That’s him in the grey, dunking with a professional dunker and looking just as good. Watch the whole video, there isn’t a bad dunk in the bunch. Williams has been mostly overshadowed on this roster, and didn’t get much run last season. I believe he has a chance to be a really good player if he can crack Pearl’s rotation. He is athletic enough, at least.

How important is it that Auburn has built a formidable backcourt? Well, in college hoops there is a theory that the team with the best guards wins the tournament. If you can control the tempo of the game, limit turnovers, and maybe cause a few turnovers, you give yourself a chance to be dangerous. At Tennessee, Pearl ran a lot of full-court press defense. It is one of the things he was known for. At Auburn, he hasn’t quite had the horses to implement that type of pressure, but with these studs playing wing for him, he might this season.

My favorite returning player on the team is probably Horace Spencer. He has so many things I like in a post player. He wears number 0, which is cool. He doesn’t care at all about offensive touches, perfect for our offense. He just rebounds and dunks everything, perfect for getting the crowd into a game. If his offensive game has moved beyond dunks and rebounding, that’s gravy for this team.

Next to Spencer on the block will FINALLY be Danjel Purifoy. Some called him the best player on last year’s team, and he was never allowed to play. NCAA investigations into his academics have finally allowed him to be cleared to play starting this season, and you can bet a year watching his teammates struggle without him has made him a man on a mission this season. In the SEC, the ability to rebound on the offensive glass with the shooters Auburn has can change losses into wins. I believe Auburn will have a chance in a lot of games this years, based on rebounding the basketball alone.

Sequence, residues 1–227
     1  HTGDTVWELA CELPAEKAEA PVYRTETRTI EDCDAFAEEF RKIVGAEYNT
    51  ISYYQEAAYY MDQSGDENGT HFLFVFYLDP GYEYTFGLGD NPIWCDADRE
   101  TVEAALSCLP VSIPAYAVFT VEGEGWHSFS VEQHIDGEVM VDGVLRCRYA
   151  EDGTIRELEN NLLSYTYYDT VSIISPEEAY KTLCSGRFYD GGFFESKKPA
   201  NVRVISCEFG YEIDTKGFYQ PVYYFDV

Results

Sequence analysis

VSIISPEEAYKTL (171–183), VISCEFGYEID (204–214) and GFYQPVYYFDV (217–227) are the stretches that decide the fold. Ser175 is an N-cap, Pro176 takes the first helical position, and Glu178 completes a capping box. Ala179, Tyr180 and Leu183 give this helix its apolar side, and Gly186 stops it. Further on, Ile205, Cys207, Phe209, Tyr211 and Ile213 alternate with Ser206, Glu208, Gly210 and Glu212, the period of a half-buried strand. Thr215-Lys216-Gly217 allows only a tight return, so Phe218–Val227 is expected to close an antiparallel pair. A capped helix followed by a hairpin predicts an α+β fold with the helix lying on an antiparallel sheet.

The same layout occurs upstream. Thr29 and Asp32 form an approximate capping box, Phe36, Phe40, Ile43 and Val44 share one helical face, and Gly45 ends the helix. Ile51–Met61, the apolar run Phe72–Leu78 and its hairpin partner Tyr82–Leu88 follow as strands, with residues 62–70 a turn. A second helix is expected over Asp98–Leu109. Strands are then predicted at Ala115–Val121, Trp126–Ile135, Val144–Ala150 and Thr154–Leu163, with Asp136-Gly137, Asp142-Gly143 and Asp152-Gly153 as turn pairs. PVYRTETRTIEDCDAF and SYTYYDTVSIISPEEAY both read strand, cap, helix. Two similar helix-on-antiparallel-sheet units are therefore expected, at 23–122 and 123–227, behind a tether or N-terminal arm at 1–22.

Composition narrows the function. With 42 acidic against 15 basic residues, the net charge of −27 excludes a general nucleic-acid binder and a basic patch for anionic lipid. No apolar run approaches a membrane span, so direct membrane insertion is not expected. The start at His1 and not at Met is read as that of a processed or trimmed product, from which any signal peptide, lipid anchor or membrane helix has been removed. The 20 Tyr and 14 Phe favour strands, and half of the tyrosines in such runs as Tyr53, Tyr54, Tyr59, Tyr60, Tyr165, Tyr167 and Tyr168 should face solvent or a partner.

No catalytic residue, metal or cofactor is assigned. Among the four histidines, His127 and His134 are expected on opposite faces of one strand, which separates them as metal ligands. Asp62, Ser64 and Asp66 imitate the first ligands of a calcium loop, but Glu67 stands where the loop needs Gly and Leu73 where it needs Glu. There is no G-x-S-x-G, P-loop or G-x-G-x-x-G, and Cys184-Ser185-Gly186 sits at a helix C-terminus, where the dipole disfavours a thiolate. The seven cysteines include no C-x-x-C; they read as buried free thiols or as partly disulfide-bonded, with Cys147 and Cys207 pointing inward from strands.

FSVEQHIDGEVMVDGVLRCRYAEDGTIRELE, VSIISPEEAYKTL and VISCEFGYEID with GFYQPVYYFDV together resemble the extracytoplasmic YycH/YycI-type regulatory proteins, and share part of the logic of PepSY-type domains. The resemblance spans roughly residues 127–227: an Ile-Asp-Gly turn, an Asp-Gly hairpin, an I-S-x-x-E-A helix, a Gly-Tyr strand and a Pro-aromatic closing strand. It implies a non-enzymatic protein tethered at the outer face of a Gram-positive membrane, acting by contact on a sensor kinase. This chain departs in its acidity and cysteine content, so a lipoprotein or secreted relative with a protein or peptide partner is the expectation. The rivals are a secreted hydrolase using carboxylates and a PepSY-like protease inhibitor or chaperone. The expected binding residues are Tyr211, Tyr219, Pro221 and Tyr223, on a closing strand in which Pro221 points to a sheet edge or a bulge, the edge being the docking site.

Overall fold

Freshman Anfernee Mclemore and transfer LaRon Smith will add some depth to the front-court for the Tigers. It is a big day when I mention a three star shot-blocking post like Mclemore with “will add some depth.” Mclemore will develop under Pearl and will be a productive part of this team. Especially since he is basically a Horace Spencer clone.

My Starters

If I am coach Pearl, which I am not, (though I have amassed an impressive record coaching JV girls’ basketball in the Northwest European Council of International Schools) these are the first five guys I’m putting on the floor:

1-Ronnie Johnson (6’0)

2-Bryce Brown (6’3)


4-Danjel Purifoy (6’7)

5-Horace Spencer (6’8)